In June 2013, the summary begins, Snowden “perpetrated the largest and most damaging Public release of classified information in U.S. intelligence history.”
The committee added that its review was “careful not to disturb any criminal investigation or future prosecution of Snowden” and said most of the report s, “must remain classified to avoid causing further harm to national security.”
The Oliver Stone movie Snowden is in theaters starting tomorrow, and the Intelligence Committee said their findings “demonstrate that the public narrative popularized by Snowden and his allies is rife with falsehoods, exaggerations, and crucial omissions, a pattern that began before he stole 1.5 million sensitive documents.”
“First, Snowden caused tremendous damage to national security, and the vast majority of the documents he stole have nothing to do with programs impacting individual privacy interests-they instead pertain to military, defense and intelligence programs of great interest to America’s adversaries,” the summary stresses in boldface. “…Snowden insists he has not shared the full cache of 1.5 million classified documents with anyone; however, in June 2016, the deputy chairman of the Russian parliaments defense and security committee publicly conceded that Snowden ‘did share intelligence’ with his government.”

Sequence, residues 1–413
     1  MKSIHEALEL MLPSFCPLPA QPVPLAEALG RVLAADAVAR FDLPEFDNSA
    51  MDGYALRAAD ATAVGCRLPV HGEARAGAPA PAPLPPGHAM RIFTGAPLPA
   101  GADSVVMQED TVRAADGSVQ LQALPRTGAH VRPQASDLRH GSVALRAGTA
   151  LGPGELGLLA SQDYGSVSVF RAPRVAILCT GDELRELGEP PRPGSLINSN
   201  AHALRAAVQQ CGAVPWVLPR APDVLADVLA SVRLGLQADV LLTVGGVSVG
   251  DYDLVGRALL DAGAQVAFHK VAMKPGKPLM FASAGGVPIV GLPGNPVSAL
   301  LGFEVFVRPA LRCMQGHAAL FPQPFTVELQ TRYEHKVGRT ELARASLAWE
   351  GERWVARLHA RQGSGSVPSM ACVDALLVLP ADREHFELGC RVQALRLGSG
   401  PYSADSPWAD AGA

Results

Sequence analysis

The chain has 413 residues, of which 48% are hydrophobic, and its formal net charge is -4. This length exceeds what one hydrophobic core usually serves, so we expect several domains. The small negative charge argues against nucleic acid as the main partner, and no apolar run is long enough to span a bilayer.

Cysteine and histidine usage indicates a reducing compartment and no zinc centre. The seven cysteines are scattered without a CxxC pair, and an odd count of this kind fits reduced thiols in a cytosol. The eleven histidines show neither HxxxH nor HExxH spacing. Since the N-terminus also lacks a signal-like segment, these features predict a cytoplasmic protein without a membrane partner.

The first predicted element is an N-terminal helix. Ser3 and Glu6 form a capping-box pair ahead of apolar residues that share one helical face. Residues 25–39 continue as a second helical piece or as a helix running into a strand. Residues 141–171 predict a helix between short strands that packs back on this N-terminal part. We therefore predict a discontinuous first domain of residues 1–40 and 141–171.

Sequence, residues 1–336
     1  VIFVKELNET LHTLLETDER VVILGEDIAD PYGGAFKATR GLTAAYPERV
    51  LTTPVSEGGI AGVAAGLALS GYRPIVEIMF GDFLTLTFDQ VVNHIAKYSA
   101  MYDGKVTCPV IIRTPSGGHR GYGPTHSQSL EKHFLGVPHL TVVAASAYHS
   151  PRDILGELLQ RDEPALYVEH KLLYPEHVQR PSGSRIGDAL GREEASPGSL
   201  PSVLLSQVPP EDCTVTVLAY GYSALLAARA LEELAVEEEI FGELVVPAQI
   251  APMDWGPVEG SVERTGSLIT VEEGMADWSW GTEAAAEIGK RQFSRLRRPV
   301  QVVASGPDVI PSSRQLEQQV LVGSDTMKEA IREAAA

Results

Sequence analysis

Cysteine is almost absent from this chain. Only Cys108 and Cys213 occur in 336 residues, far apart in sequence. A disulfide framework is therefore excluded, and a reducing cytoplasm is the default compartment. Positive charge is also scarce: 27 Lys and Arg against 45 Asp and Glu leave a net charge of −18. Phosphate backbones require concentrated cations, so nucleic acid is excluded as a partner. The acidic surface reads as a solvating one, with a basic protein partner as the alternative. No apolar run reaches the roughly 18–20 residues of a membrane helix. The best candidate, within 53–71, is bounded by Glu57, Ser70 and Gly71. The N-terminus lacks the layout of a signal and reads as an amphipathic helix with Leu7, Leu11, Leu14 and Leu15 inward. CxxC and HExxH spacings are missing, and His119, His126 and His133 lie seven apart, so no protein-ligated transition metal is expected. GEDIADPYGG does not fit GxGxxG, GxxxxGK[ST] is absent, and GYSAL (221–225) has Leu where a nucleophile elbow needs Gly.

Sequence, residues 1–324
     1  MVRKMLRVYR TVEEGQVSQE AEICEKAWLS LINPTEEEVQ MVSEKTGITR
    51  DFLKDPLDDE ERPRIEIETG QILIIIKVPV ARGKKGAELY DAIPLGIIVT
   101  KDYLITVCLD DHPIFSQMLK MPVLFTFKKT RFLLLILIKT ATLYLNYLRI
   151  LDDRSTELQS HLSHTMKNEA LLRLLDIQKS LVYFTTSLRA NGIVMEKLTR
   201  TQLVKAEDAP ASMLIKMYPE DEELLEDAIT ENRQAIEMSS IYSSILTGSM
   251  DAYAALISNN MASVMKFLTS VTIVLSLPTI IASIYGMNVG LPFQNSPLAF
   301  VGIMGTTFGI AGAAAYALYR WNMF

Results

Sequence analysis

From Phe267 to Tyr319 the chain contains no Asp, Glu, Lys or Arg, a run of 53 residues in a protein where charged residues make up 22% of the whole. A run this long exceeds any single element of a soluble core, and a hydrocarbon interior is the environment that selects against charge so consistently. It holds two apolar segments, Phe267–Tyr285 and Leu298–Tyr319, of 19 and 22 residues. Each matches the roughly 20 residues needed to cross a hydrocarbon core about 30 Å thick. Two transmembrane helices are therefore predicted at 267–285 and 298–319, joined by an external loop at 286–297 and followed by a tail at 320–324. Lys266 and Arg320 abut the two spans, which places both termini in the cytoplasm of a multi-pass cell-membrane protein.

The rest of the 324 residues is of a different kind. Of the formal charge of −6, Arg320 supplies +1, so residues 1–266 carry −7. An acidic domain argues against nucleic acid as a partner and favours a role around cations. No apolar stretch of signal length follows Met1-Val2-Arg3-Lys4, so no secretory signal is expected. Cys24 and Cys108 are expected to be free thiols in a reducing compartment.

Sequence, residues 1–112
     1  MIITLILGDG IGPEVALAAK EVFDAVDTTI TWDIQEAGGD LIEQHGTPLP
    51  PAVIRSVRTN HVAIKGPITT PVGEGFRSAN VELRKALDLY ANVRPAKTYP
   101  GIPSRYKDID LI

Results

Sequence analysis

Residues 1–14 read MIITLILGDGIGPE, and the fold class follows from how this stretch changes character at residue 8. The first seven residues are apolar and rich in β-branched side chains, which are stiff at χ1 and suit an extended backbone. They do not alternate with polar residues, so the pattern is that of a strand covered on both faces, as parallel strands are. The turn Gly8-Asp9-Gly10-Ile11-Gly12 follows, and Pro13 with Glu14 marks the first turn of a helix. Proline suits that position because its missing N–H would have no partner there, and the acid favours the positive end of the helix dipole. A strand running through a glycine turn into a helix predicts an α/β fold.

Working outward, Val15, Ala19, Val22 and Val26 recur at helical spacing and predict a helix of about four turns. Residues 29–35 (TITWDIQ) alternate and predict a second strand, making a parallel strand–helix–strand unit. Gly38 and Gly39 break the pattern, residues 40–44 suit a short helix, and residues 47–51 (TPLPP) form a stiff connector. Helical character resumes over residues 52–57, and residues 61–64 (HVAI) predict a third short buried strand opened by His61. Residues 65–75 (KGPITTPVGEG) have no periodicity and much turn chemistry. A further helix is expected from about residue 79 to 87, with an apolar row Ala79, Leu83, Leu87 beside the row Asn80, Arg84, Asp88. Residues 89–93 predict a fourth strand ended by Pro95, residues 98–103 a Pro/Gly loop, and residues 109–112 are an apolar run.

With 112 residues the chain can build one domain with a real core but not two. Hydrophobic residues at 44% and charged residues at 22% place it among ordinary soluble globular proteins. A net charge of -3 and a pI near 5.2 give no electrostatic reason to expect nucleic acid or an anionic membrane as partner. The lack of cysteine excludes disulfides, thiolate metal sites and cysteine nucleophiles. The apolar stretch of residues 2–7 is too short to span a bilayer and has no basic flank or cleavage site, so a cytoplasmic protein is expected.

Still, the summary adds, “the full scope of the damage inflicted by Snowden remains unknown.”
“Out of an abundance of caution,” the Defense Department reviewed all 1.5 million documents Snowden removed. The Intelligence Community, in their separate investigation, “has carried out a damage assessment f or only a small subset of the documents. The Committee is concerned that the IC does not plan to assess the damage of the vast majority of documents Snowden removed.”
“Even by a conservative estimate, the U.S. Government has spent hundreds of millions of dollars, and will eventually spend billions, to attempt to mitigate the damage Snowden caused. These dollars would have been better spent on combating America’s adversaries in an increasingly dangerous world.”